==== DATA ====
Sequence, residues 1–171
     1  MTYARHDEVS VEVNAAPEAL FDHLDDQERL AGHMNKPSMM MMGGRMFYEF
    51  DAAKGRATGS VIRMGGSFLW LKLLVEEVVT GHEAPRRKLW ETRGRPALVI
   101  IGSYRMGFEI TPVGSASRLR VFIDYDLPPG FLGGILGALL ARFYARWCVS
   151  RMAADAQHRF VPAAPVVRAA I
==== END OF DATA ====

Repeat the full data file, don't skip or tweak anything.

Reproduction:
Sequence, residues 1–171
     1  MTYARHDEVS VEVNAAPEAL FDHLDDQERL AGHMNKPSMM MMGGRMFYEF
    51  DAAKGRATGS VIRMGGSFLW LKLLVEEVVT GHEAPRRKLW ETRGRPALVI
   101  IGSYRMGFEI TPVGSASRLR VFIDYDLPPG FLGGILGALL ARFYARWCVS
   151  RMAADAQHRF VPAAPVVRAA I